Temperature responses of tropical to warm temperateCladophora species in relation to their distribution in the North Atlantic Ocean
© Biologische Anstalt Helgoland 1987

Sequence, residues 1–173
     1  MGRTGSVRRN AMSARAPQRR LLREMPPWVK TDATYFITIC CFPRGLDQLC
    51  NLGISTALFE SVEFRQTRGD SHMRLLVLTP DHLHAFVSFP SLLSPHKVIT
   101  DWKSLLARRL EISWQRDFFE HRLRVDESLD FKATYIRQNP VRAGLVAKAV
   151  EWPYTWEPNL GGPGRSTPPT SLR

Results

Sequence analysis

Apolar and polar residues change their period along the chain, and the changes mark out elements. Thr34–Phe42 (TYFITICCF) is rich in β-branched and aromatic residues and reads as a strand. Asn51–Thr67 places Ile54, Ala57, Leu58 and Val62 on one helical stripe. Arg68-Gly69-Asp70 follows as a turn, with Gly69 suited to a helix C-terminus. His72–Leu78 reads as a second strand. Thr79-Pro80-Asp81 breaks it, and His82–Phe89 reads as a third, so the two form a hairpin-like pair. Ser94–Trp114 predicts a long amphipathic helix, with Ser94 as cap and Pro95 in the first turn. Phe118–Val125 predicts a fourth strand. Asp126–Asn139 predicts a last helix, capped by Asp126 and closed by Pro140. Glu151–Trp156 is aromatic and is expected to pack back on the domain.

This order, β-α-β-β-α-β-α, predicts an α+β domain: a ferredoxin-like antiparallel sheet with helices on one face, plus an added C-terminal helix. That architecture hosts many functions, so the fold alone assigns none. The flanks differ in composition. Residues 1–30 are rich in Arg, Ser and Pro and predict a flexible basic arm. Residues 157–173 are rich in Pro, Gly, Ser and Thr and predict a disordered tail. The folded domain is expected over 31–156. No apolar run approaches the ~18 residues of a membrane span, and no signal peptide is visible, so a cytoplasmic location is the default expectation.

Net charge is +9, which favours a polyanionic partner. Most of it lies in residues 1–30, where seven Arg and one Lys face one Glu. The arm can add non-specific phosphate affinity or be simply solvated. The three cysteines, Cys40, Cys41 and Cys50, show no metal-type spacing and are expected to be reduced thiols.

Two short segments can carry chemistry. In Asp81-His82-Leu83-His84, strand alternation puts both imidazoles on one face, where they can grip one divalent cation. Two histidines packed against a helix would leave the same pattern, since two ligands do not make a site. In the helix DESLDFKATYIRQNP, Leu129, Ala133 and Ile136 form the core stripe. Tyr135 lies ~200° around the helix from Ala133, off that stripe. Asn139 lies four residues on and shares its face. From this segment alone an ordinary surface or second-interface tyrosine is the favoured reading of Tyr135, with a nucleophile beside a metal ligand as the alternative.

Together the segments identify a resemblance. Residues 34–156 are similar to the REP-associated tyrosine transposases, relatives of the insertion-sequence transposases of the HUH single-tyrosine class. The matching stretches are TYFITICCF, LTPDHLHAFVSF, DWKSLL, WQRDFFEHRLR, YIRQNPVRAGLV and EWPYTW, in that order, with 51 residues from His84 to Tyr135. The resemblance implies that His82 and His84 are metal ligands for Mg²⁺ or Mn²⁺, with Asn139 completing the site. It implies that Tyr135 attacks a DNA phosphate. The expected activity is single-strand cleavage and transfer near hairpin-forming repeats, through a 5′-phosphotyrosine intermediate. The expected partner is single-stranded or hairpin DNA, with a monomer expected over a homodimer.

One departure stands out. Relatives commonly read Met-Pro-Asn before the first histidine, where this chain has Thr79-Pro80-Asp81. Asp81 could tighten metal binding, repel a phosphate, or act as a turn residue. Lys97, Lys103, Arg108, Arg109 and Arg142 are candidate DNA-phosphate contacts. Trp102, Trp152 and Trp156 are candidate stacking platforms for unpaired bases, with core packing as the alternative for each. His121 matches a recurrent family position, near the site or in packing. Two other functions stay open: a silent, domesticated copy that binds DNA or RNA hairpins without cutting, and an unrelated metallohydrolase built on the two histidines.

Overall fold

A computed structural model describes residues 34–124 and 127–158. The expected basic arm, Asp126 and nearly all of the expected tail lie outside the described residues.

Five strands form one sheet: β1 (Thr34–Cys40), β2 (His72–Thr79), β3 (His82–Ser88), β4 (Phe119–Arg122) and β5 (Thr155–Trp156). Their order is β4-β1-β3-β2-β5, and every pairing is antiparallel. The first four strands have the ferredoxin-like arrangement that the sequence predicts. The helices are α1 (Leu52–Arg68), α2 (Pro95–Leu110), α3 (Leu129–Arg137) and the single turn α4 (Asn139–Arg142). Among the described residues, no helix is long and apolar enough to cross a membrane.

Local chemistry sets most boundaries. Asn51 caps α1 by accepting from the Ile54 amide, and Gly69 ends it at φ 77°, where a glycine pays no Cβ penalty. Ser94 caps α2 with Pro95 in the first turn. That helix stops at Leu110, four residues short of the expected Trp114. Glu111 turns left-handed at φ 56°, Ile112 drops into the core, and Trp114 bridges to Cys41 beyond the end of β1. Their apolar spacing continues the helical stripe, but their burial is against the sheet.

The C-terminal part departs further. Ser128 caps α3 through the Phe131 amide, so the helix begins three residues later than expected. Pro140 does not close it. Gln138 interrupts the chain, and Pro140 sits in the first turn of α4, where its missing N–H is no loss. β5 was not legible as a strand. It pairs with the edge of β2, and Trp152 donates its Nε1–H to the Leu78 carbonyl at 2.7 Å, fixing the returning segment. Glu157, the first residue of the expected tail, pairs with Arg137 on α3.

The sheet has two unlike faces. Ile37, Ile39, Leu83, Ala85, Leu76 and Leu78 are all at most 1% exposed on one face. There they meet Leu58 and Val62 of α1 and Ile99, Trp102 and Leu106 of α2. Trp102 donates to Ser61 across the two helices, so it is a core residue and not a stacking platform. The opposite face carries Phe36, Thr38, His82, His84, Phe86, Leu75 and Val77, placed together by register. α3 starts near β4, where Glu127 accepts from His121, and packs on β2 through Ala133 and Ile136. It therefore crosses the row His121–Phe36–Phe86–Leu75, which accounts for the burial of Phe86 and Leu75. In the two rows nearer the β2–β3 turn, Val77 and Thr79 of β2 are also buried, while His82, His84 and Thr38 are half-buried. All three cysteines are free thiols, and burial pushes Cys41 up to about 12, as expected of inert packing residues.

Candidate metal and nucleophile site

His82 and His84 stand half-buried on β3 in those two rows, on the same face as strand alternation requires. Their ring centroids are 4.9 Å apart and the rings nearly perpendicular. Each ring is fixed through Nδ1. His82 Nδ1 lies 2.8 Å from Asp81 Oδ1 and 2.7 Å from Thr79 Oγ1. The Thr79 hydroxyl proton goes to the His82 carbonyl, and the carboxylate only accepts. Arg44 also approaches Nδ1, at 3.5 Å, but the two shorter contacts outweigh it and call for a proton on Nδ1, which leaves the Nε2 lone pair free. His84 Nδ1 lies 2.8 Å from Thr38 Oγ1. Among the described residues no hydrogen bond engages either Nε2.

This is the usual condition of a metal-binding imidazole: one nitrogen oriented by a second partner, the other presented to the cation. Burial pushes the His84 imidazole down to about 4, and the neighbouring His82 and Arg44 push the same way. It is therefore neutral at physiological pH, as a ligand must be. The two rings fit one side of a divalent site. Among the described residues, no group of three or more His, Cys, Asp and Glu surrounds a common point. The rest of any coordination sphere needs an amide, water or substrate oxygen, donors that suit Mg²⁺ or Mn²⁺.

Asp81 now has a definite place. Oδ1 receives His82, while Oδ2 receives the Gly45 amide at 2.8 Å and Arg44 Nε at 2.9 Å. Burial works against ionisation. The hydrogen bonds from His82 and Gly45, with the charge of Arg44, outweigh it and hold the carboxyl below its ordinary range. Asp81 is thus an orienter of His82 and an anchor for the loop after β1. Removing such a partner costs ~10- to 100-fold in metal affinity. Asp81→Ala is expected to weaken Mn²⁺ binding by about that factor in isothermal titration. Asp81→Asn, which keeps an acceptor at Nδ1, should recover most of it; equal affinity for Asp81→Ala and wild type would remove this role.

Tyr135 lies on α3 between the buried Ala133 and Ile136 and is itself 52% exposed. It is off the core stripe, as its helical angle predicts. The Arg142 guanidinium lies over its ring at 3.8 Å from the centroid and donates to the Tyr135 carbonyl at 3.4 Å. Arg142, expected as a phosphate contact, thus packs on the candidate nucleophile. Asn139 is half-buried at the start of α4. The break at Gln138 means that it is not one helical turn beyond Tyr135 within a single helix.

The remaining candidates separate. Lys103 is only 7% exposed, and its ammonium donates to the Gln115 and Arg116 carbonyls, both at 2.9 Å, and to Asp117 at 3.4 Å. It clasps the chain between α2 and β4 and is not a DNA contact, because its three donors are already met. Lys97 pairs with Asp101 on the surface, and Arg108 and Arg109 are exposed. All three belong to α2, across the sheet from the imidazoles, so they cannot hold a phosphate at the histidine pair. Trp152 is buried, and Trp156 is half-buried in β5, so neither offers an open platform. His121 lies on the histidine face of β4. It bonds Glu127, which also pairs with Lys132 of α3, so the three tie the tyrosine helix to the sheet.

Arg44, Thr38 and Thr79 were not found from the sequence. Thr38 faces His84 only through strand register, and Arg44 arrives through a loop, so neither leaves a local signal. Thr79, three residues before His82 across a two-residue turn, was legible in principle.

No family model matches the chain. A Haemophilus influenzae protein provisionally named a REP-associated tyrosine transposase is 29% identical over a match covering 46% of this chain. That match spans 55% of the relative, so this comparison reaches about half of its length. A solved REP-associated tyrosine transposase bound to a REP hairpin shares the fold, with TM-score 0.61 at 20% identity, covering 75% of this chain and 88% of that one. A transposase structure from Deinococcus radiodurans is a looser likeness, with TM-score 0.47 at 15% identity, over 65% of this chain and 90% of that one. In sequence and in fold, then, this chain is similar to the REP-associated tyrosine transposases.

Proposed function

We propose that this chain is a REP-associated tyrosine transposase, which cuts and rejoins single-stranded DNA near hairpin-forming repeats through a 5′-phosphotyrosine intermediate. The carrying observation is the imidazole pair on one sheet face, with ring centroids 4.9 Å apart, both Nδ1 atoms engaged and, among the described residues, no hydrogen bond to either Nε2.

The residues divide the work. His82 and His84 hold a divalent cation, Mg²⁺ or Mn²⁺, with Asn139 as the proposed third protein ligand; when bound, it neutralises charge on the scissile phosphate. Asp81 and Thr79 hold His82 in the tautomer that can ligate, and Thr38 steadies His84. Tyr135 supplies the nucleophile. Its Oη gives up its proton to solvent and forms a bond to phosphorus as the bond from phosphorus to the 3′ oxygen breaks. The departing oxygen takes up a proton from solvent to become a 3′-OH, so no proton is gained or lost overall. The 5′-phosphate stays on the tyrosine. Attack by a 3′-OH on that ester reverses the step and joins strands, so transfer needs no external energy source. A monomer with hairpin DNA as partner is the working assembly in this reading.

The relationship between distribution boundaries and temperature responses of some North AtlanticCladophora species (Chlorophyta) was experimentally examined under various regimes of temperature, light and daylength. Experimentally determined critical temperature intervals, in which survival, growth or reproduction was limited, were compared with annual temperature regimes (monthly means and extremes) at sites inside and outside distribution boundaries. The species tested belonged to two phytogeographic groups: (1) the tropical West Atlantic group (C. submarina: isolate from Curaçao) and (2) the amphiatlantic tropical to warm temperate group (C. prolifera: isolate from Corsica;C. coelothrix: isolates from Brittany and Curaçao; andC. laetevirens: isolates from deep and shallow water in Corsica and from Brittany). In accordance with distribution from tropical to warm temperate regions, each of the species grew well between 20–30°C and reproduction and growth were limited at and below 15°C. The upper survival limit in long days was <35°C in all species but high or maximum growth rates occurred at 30°C.C. prolifera, restricted to the tropical margins, had the most limited survival at 35°C. Experimental evidence suggests thatC. submarina is restricted to the Caribbean and excluded from the more northerly American mainland and Gulf of Mexico coasts by sporadic low winter temperatures in the nearshore waters, when cold northerly weather penetrates far south every few years. Experimental evidence suggests thatC. prolifera, C. coelothrix andC. laetevirens are restricted to their northern European boundaries by summer temperatures too low for sufficient growth and/or reproduction. Their progressively more northerly located boundaries were accounted for by differences in growth rates over the critical 10–15°C interval.C. prolifera andC. coelothrix are excluded or restricted in distribution on North Sea coasts by lethal winter temperatures, again differences in cold tolerance accounting for differences in their distribution patterns. On the American coast, species were probably restricted by lethal winter temperatures in the nearshore and, in some cases, by the absence of suitable hard substrates in the more equable offshore waters. Isolates from two points along the European coast (Brittany, Corsica) ofC. laetevirens showed no marked differences in their temperature tolerance but the Caribbean and European isolates ofC. coelothrix differed markedly in their tolerance to low temperatures, the lethal limit of the Caribbean isolate lying more than 5°C higher (at ca 5°C).